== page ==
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Sunday, August 1, 2010

The WEEK That Was

*The S&P 500 has yet to break out above the 200 Day Moving Average. This is a key level of resistance. When you take into consideration that we are in earnings season, you would expect them to hoodwink us into buying the kool-aid. But surprise surprise. We are still in a traders market and they are becoming a little smarter to their game and sending them packing. But, you never know.

The "Real" Mega-Bears
August 1, 2010 weekend update
It's time again for the weekend update of our "Real" Mega-Bears, an inflation-adjusted overlay of three secular bear markets. It aligns the current S&P 500 from the top of the Tech Bubble in March 2000, the Dow in of 1929, and the Nikkei 225 from its 1989 bubble high.
This chart is consistent with my preference for real (inflation-adjusted) analysis of long-term market behavior. The nominal all-time high in the index occurred in October 2007, but when we adjust for inflation, the "real" all-time high for the S&P 500 occurred in March 2000.

Has the Growth Index also served as a leading indicator of the stock market? The next chart is an overlay of the index and the S&P 500. The Growth Index clearly peaked before the market in 2007 and bottomed in late August of 2008, over six months before the market low in March 2009.
The most recent peak in the Growth Index was around the first of September, 2009, almost eight months before the interim high in the S&P 500 on April 23rd. Since its peak, the Growth Index has declined dramatically and is now well into contraction territory.
It's important to remember that the Growth Index is a moving average of year-over-year expansion/contraction whereas the market is a continuous record of value. Even so, the pattern is remarkable. The question is whether the latest dip in the Growth Index is signaling a substantial market decline like in 2008-2009 or a buying opportunity like in June 2006.

*are they serious? A shortage of boxes? How about a shortage of consumers you morons!
US shippers wary as box shortages continue
Large shippers concerned about supply as back-to-school and pre-Christmas peak season gets underway
SOME of the largest shippers in the US are continuing to suffer from container shortages as the back-to-school and pre-Christmas peak shipping season gets underway on the transpacific trade.
During what is a traditional financial results season for US-listed corporations, executives leading firms shipping toys, clothing and household goods reported facing problems with both capacity on vessels and a shortage of boxes.
However, with US retailers of these products reluctant after being stuck with vast amounts of stock when the recession first hit and consumer spending tightened, friction was growing with shippers who were concerned goods weren’t being ordered far enough in advance.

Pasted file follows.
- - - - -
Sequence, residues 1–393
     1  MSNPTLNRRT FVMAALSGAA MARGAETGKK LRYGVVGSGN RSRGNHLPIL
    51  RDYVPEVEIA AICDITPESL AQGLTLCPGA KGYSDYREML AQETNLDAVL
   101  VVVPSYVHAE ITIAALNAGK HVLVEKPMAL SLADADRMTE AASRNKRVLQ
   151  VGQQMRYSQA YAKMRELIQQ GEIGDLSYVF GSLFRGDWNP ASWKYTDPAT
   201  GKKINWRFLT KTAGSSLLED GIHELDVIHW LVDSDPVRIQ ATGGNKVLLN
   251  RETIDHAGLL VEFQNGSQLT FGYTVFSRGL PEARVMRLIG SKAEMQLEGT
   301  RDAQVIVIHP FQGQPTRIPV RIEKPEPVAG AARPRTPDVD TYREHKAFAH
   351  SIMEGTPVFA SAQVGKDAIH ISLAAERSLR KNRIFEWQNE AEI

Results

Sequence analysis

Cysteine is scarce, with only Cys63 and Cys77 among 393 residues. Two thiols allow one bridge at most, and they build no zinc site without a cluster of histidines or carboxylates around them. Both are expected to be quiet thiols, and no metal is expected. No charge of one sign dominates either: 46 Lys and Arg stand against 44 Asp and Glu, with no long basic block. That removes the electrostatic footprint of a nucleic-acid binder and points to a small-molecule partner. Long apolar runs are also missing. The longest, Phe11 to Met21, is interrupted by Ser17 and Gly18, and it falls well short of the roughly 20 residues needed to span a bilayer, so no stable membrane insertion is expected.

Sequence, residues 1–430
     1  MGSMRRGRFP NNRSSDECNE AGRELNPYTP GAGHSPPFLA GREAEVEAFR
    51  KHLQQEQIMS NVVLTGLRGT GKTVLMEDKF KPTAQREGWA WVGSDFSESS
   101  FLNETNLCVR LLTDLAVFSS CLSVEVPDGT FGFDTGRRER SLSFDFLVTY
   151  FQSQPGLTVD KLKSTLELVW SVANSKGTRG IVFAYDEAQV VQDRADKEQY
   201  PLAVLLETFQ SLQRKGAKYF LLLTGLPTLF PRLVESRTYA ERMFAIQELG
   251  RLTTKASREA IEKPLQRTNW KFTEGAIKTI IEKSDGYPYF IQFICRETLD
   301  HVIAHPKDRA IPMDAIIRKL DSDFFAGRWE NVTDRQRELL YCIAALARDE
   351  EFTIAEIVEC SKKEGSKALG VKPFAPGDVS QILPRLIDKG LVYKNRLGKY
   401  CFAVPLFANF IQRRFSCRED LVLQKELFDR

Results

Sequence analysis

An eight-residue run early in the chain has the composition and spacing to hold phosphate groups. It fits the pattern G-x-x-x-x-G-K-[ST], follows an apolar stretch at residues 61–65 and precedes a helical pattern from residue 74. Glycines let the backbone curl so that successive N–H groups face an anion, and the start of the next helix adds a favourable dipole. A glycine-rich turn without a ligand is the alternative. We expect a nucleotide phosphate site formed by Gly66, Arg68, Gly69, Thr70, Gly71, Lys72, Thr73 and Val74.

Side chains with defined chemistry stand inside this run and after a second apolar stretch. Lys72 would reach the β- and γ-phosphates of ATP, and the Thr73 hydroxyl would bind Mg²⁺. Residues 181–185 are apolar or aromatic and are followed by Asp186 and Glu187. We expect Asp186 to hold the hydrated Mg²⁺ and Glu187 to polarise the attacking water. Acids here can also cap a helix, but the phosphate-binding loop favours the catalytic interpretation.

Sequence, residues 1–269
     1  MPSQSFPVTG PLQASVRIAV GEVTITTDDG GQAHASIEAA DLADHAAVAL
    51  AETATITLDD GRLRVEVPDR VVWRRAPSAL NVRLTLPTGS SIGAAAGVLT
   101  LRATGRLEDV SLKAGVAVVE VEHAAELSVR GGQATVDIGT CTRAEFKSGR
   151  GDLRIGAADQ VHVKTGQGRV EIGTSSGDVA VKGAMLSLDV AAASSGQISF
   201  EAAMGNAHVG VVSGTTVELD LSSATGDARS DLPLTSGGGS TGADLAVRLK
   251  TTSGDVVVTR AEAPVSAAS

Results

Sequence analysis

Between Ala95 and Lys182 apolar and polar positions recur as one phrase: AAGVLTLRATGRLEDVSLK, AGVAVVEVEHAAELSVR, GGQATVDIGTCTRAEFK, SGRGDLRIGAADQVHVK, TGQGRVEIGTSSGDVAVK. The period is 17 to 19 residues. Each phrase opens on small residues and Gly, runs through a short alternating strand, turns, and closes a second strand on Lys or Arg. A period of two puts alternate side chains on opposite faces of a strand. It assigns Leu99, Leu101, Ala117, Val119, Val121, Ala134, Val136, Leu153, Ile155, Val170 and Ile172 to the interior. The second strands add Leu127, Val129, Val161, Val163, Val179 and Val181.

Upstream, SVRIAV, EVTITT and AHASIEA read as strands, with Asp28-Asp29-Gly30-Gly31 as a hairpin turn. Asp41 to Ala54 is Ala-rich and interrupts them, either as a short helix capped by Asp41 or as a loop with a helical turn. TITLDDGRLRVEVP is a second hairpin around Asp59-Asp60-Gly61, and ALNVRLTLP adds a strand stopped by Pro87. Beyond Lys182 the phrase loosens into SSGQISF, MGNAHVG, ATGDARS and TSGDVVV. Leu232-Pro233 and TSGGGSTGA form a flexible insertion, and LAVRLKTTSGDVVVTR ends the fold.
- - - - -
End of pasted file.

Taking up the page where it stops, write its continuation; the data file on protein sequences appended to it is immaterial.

Toymaker Mattel’s chief executive Bob Eckert said: “Today I am probably more concerned about supply than demand. In China we see labour supply tightening, the rates are up, shipping containers are in short supply and freight is taking longer to move than it sometimes does.”

*everytime we get this sort of headline, the market drops another 100 points. We will keep an eye on the rabbit.
Chinese Manufacturing Growth SlowsBEIJING—China's manufacturing activity expanded at the slowest pace in 17 months in July, an official gauge showed Sunday, reflecting that tightening measures introduced earlier this year and growing uncertainty over global demand continued to weigh on the country's economic expansion.
China's official PMI, issued by the China Federation of Logistics and Purchasing and the National Bureau of Statistics, fell to 51.2 in July from 52.1 in June, the third straight month in which it has declined. The reading was also closer to the expansionary threshold of 50 than it had been in 17 months. A reading below 50 signals contraction.

*in the black all week long, albeit slightly. Explains the back and forth in the stock market too.
30 July 2010
Baltic Dry Index (BDI) +25 1967

*GDP was rejiggered to the downside and its not a very good Q for earnings is it? Those rosy forecasts that those scheiter CEO's were making are going to bite the dust too. Will the real Obama please stand up? JOBS JOBS JOBS! Get that do nothing Congress to do what it should be doing to earn the overbloated salary its getting: forge a public works project bill IMMEDIATELY! And you should be taking a page from reagans playbook: Embarrass the useless bastards on TV. You are not gonna get reelected if you don't start creating some serious work life for all of us.

Great Recession was Worse than Thought
I detailed that Q1 GDP was revised up one full point... great news right?
Not when past quarters have been revised down. Per Calculated Risk:
The recession was worse in 2008 than originally estimated.Q1 2010 was revised up, but Q3 and Q4 2009 were revised down. So the recovery is a little weaker than originally estimated.

Changes to Q1 were extremely broad since the numbers went "final" a month back, GDP jumped a full point from 3.7% to 2.7% due to a large jump in non-residential investment and a huge spike in inventory build (the question is who will be buying) offset by a rather large drop in service consumption.

1 comment:

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